Mastering Battles

This part of the Rome: Total War wiki concerns itself exclusively with the battle side of play and how to get the most out of commanding your troops. The two halves of the game are linked on many levels. The campaign game determines where a battle takes place and the units present; results in the battle game affect the campaign. Generals can earn traits as a result of their behavior in battle. Cities can be won and lost, and a brilliant victory in the field can mean the conquest of new lands!

The Battle Deployment Scroll

When you have an army selected on the campaign map, right-click on a non-allied army or settlement to attack. This brings up the Battle Deployment Scroll:

• The strength comparison bar in the centre of the scroll gives you the overall battle odds. Move the cursor over the crossed swords to see the exact odds.

• Reinforcements are also listed (and taken into account in the odds calculation). These are drawn from armies that are adjacent to the site of the battle or siege.

• The crossed swords icon allows you to take control of your units on the battlefield. What happens after you click this button is what’s covered in this part of the wiki!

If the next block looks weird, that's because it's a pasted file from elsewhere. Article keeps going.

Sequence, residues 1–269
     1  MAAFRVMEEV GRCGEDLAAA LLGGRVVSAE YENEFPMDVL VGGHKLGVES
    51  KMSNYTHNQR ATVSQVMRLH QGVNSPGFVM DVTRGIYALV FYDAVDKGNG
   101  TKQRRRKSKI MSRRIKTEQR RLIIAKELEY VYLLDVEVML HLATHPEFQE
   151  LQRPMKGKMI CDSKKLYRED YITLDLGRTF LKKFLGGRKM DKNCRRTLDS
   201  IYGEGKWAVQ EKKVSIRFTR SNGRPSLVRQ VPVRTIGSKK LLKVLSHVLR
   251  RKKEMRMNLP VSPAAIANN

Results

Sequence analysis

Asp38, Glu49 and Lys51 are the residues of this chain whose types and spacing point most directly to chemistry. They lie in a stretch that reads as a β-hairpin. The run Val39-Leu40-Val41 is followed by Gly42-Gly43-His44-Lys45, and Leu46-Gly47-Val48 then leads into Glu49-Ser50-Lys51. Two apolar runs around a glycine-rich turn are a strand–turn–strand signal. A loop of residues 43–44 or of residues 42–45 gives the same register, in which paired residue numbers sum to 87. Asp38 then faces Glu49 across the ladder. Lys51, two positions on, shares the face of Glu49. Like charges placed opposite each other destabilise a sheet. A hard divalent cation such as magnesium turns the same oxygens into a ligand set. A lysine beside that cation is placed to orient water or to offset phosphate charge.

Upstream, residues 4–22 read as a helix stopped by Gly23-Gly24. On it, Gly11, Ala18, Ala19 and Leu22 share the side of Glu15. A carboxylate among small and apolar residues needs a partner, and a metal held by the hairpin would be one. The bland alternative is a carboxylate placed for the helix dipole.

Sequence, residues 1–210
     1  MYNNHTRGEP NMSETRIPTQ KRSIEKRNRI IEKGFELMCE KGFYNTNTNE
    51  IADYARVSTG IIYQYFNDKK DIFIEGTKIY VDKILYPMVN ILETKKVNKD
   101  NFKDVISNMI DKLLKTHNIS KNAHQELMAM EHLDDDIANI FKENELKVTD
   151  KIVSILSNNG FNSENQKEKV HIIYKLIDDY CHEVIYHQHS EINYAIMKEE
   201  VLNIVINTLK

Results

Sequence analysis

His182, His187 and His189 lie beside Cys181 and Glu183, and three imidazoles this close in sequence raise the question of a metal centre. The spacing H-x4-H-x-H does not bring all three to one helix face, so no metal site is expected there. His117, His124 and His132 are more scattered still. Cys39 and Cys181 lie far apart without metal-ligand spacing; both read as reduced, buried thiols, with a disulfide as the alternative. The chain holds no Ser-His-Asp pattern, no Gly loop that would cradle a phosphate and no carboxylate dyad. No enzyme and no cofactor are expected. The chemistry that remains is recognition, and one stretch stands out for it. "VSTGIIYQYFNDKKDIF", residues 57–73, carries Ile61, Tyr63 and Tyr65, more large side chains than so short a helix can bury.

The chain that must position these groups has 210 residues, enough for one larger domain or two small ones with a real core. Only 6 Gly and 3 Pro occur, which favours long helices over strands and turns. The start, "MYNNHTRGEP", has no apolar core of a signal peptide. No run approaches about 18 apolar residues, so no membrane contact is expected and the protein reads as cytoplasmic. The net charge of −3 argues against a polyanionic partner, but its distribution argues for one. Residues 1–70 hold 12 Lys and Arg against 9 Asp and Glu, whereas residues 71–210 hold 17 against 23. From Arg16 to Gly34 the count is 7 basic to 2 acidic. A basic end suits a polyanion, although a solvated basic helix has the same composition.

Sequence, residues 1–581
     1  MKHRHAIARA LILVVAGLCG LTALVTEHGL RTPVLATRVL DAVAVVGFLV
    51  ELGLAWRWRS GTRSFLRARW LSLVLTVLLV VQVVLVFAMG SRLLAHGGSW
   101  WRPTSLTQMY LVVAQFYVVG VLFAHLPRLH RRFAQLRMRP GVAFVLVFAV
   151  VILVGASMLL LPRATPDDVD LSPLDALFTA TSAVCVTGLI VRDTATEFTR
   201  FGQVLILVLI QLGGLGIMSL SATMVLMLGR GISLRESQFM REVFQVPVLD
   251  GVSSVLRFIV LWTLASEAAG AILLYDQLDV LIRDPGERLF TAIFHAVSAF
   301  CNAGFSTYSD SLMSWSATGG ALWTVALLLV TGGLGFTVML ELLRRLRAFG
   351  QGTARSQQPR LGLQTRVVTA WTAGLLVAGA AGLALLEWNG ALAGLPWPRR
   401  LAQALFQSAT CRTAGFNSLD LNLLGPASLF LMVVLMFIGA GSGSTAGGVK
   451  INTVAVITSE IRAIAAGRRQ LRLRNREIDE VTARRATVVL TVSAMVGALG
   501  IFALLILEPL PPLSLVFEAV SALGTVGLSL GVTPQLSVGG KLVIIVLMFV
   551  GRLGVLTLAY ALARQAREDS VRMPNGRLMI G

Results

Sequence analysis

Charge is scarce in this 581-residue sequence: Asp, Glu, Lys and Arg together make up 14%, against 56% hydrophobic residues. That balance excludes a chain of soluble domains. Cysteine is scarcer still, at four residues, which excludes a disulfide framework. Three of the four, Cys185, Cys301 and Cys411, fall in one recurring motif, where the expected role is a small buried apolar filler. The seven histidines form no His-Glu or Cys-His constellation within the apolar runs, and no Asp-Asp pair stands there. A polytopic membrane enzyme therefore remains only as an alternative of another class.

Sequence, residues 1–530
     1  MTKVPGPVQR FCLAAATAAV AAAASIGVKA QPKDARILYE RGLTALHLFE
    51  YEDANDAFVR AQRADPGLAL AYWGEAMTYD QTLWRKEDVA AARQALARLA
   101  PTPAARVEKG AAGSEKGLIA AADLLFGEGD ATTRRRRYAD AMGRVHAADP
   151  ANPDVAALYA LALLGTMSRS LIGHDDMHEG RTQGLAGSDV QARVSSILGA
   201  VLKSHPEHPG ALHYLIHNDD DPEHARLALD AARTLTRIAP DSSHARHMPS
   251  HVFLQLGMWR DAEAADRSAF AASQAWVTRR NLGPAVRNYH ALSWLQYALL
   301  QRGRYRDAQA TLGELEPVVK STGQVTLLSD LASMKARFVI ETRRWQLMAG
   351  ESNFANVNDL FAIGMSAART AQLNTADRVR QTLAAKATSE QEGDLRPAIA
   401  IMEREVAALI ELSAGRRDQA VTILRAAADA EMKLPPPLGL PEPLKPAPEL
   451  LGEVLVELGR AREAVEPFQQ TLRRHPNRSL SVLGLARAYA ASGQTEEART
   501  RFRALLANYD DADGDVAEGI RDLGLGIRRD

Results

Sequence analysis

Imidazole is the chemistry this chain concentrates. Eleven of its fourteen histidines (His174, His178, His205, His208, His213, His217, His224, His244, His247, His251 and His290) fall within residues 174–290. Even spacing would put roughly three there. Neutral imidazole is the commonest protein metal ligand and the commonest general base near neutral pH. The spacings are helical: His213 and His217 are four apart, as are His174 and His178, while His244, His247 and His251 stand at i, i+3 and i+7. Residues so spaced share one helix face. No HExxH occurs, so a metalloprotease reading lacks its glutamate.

• The computer and gears icon allows you to have the game work out the battle result. Autoresolving a battle is speedy, but casualties may be heavy and you can’t protect valuable generals.

• The white flag icon allows you to cancel the battle. When you do this, your army will withdraw some distance to a safe location.

Attackers and Defenders

In every campaign battle, there’s an attacking army and a defending army. During sieges, the besieging army is usually the attacker. The only exception to this is when the defenders sally out or a relief force attacks the besiegers. In this case, the besieging army is the defender. Attacking and defending armies use different victory conditions and deployment rules.


Generally, in a field battle you need to drive the enemy from the battlefield to win. You can press the ESC key and select Exit Battle at any time to end a battle.